(The Center Square) – Housing transition plans will be required for any Vermont resident to maintain eligibility for a new state-funded housing program, according to state officials.
As the federal Emergency Rental Housing Program ends Friday, House Bill 171 was signed by Republican Gov. Phil Scott early Thursday morning. The bill is designed to assist residents experiencing homelessness to find permanent homes amid the state’s housing crunch.
For individuals and families enrolled in the General Assistance Housing Program, the state will pay $153 per night for hotel rooms, Scott said. For a month, the cost would be $4,743 per month.
Jenney Samuelsson, who serves as secretary of the Agency of Human Services, said that under the program, her department will provide weekly updates on information.
“But now with H171, which the governor has just signed, this is a collaborative effort between the administration and the Legislature to better serve Vermonters in the General Assistance Housing Program by connecting them with services and supports, and not just rooms,” Samuelsson said Thursday during Scott’s weekly press conference. “This latest change provides us with a longer runway to engage those living in the hotels, getting them into services and the programs they need to support them in finding and keeping housing.”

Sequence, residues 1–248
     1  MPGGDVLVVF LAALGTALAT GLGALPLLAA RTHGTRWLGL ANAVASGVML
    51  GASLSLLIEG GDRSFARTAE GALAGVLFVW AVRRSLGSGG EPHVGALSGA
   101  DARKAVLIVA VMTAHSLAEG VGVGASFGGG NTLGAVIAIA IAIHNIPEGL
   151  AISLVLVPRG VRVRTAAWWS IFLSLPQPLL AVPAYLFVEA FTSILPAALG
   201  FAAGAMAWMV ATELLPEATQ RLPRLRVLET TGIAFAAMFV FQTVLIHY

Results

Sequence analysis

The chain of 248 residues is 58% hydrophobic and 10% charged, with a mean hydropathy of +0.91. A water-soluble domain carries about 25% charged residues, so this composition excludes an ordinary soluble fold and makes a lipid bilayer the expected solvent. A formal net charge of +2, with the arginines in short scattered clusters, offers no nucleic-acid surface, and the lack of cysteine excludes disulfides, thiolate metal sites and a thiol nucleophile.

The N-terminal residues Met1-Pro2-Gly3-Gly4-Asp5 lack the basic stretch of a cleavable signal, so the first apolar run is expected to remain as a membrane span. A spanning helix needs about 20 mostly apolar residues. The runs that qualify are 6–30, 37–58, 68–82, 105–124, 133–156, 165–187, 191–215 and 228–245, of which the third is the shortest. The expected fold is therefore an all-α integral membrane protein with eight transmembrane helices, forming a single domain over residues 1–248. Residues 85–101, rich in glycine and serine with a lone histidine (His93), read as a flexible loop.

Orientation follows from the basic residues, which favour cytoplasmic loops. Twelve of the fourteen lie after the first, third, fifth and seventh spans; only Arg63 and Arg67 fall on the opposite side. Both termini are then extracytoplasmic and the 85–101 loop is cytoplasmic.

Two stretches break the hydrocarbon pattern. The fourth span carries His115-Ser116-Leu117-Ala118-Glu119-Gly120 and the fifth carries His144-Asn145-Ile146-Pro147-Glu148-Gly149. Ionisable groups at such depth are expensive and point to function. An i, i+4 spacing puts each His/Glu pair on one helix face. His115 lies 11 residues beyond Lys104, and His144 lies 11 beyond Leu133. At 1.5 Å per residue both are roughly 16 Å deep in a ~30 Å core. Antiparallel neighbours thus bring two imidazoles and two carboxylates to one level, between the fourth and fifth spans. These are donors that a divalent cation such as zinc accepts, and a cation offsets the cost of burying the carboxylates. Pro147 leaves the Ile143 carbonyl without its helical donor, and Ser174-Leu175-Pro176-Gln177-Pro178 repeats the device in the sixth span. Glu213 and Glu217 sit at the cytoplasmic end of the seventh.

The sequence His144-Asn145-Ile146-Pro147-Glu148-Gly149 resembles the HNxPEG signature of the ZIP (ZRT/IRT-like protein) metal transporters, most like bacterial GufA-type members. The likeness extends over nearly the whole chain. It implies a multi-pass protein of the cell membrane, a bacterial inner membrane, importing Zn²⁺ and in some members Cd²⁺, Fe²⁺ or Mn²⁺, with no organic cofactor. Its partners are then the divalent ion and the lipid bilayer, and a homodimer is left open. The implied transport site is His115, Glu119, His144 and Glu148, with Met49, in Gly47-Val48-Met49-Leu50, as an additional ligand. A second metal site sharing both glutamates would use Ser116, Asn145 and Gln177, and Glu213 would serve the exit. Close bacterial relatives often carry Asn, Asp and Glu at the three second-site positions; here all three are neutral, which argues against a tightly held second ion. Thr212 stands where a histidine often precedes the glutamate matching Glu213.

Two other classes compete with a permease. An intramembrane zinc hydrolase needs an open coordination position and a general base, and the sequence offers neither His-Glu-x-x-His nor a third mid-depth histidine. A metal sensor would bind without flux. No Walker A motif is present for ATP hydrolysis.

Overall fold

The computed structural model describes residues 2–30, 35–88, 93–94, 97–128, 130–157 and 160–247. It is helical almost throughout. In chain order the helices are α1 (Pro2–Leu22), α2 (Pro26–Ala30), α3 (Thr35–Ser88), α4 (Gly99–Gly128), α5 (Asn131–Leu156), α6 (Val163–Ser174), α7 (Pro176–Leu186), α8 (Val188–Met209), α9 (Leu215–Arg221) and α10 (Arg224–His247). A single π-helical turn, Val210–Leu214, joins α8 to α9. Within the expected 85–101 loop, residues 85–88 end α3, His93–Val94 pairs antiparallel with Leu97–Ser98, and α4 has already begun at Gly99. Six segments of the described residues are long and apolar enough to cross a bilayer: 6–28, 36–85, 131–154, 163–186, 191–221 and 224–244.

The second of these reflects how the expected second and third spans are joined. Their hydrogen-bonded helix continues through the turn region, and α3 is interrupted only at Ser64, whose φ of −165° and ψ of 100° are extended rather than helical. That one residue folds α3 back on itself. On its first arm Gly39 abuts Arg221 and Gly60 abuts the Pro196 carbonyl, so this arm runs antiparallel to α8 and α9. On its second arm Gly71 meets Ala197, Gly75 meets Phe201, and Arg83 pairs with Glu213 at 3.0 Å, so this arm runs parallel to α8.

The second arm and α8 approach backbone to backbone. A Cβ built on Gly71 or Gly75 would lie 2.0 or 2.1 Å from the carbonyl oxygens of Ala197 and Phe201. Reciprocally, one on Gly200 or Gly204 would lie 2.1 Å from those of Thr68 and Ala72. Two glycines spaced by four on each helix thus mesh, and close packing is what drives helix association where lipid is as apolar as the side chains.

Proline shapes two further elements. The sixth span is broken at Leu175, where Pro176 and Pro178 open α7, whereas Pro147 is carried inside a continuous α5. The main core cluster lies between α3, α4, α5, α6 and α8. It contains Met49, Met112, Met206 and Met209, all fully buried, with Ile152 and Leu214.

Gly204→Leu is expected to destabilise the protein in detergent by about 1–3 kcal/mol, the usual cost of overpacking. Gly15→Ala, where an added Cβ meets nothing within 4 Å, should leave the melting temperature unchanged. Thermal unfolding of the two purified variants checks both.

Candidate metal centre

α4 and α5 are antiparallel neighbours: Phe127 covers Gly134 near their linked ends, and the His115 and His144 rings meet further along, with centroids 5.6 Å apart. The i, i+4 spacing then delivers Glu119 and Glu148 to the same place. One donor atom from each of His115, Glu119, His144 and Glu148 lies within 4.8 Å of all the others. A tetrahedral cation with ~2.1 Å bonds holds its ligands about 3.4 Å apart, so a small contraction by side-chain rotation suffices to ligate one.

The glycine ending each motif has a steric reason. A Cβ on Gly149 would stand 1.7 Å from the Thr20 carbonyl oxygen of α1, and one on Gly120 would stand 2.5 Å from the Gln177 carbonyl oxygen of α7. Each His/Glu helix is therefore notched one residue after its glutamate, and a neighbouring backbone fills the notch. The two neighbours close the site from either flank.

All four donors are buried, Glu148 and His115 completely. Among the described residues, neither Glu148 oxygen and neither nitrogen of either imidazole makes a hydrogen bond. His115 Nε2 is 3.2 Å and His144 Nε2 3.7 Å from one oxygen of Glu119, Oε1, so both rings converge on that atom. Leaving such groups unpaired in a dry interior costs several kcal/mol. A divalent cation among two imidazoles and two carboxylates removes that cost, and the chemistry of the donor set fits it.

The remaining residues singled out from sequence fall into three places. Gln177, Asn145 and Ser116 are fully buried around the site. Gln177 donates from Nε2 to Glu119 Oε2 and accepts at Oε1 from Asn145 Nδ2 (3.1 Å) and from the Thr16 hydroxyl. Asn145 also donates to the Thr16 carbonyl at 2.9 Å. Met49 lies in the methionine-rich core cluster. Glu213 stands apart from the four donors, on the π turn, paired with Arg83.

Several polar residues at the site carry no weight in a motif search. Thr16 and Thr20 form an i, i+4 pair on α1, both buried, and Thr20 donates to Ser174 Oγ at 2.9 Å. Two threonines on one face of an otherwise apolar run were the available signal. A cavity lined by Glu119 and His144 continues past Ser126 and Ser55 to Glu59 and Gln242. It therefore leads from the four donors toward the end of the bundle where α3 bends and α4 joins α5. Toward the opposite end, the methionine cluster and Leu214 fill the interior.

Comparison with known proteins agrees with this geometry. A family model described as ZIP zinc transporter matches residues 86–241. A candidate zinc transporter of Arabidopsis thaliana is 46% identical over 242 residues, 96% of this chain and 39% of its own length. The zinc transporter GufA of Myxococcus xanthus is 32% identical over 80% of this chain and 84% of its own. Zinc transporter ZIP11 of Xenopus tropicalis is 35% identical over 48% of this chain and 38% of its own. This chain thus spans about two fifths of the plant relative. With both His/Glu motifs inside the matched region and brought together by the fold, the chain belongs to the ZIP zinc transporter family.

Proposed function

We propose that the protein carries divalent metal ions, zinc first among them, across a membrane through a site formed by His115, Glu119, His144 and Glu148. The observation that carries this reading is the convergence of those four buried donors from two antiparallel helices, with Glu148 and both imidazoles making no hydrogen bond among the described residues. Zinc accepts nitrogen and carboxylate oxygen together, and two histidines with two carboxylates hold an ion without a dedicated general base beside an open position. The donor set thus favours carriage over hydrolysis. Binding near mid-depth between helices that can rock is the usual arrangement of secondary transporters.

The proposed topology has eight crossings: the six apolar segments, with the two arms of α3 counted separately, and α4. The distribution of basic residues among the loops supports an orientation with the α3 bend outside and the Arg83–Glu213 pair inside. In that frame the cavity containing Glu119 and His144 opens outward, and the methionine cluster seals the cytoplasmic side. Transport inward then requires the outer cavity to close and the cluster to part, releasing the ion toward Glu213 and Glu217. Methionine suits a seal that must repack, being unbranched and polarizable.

There are 1,214 Vermont residents enrolled in the Hotel Motel program. Requirements moving forward under the state-funded program, Samuelsson said, include clients having 48 hours to respond to alternative housing options and spending 30% of the income toward housing.
Eligibility, Samuelsson said, includes households who lost their home and were enrolled in the pandemic-era housing program, a household who lost their home to a natural disaster, or someone experiencing domestic violence or a dangerous or life-threatening incident in a household with children up to age 18, or has a disability.
According to Samuelsson, in order for residents to maintain eligibility in the program they must “engage with the housing providers” and “case manager to develop a plan” designed to help them secure permanent housing.
“It is important to recognize that each month households have been entering and leaving the program over the past three years, including over this past month,” Samuelsson said. “We have been working to engage these individuals in case management and care coordination and to identify and and connect them with services. H171 actually stops and defines this population and allows us to clearly focus resources to those who are in the program on July 1.”
According to Samuelsson, the newly-signed legislation works to bolster tools the state has and also powers staff on the ground “who are doing this work.” The Department of Children and Families is working to clarify what the program will be for residents and is working to create emergency rules and establish communication with potential clients.
Samuelsson said that for any residents interesting in engaging the program, they should rely on written materials produced by the department, featuring its logo.